Friday 6 May 2005

No good outcome was likely.

Since this blog does feature the occasional bit of politics, I suppose I really ought to comment on the results.

First off, I didn't vote. I'm not apathetic. I would very much like to vote, and only wish there were some party out there I could bring myself to vote for. But there isn't.

If we had a presidential system, I would have voted for Blair, to show support for his foreign policy. But we don't, and there's no way I could have voted Labour — on principle, because they're authoritarian class-war-fighting police-state-creating thought-criminalising statists; tactically, because they're so stupid that they really think they don't need Blair and will therefore ditch him shortly; and literally, because they do not allow the residents of Northern Ireland to vote for them. (In fact, Northern Ireland is the only place on the planet where you are not allowed to join the British Labour Party. That alone is a good reason never to vote for the bastards.)

Much as Ian Duncan Smith was derided, he seemed to be taking the Tories in the right sort of direction: an emphasis on the freedom of the individual, removing state control from parts of our lives that we're perfectly capable of running for ourselves. The Tories didn't just ditch him; they ditched that entire ideology, electing Michael Howard, the man who, as Home Secretary, tried and failed to introduce the national ID card scheme that Labour are finally going to succeed with. Unsurprisingly, he's a keen admirer of the people who are finishing the work he began, and has turned the Conservative Party into a party that's almost exactly like New Labour, but not quite.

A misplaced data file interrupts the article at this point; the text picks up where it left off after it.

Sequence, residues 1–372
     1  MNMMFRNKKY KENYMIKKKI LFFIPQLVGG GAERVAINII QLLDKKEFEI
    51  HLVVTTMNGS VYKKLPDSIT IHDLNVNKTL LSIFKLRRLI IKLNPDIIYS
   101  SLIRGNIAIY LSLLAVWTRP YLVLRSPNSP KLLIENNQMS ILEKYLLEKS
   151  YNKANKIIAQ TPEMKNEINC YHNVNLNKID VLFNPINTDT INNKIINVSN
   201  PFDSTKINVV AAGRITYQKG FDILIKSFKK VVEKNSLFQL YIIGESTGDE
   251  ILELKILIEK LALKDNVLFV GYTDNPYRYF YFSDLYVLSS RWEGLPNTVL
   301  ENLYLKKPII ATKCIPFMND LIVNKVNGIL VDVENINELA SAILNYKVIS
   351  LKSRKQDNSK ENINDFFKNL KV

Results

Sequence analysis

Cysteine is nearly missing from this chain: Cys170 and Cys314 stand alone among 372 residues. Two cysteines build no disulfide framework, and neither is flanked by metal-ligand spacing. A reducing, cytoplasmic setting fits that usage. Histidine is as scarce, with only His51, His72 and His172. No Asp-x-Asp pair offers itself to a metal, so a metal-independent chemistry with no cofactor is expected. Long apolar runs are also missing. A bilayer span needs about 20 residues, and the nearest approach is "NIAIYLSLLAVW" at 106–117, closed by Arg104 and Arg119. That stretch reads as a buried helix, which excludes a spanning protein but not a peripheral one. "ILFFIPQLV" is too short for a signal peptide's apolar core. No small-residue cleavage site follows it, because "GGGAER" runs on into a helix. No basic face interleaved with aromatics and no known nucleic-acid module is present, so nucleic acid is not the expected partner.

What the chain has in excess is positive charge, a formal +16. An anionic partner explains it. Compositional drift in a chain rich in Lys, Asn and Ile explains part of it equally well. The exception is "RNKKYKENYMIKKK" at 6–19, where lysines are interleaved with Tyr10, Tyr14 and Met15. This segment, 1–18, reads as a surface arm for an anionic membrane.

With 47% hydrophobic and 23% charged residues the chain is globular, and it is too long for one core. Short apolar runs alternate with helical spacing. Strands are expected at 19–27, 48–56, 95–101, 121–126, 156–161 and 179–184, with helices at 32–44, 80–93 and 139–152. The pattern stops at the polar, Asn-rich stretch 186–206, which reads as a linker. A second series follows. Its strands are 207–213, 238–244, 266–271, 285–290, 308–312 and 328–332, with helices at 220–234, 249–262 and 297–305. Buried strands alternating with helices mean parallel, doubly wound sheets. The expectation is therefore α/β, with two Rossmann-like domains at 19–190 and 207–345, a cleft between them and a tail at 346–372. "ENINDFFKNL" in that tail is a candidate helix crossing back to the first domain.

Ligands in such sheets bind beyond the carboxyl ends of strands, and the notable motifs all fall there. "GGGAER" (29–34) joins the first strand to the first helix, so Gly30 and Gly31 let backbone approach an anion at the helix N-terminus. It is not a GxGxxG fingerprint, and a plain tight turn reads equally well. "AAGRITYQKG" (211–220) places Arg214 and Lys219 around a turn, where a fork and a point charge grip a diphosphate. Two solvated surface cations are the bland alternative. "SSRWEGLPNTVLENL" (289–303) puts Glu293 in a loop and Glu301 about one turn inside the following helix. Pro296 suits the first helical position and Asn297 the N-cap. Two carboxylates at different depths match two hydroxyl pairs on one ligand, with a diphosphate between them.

So that was the choice we were faced with: re-elect the Labour police state, or elect a new Tory police state, thus giving the Tories the message that becoming more like Labour leads to greater success, thus encouraging them to become even more like Labour. Reduced state spending and state control simply weren't on the menu. It wasn't a choice worth making, so I didn't. Labour won, as I've been predicting since 2001.

Yet there was one surprise: George Galloway beat Oona King. This one event has given me a lower opinion of the electorate than any other in my lifetime. Let's set aside all that we're-not-pro-Saddam-we're-anti-war bollocks. The people of Bethnal Green & Bow elected the pro-Saddam candidate, not to mention the pro-Soviet-Union candidate. May they get what they've voted for.

Over here, there's doubt over whether David Trimble and Mark Durkan will keep their seats. Could be interesting. Or, more likely, it could just lead to more of the same old crap.

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